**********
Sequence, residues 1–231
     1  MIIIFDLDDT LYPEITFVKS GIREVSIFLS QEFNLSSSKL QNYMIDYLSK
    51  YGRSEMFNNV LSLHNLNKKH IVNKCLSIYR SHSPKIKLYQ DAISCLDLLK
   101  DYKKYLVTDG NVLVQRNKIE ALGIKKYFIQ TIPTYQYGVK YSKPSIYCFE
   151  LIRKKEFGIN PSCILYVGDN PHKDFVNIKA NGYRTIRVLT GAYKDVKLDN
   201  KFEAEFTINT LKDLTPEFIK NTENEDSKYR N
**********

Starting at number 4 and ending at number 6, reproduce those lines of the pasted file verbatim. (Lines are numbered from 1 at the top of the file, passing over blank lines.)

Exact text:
   101  DYKKYLVTDG NVLVQRNKIE ALGIKKYFIQ TIPTYQYGVK YSKPSIYCFE
   151  LIRKKEFGIN PSCILYVGDN PHKDFVNIKA NGYRTIRVLT GAYKDVKLDN
   201  KFEAEFTINT LKDLTPEFIK NTENEDSKYR N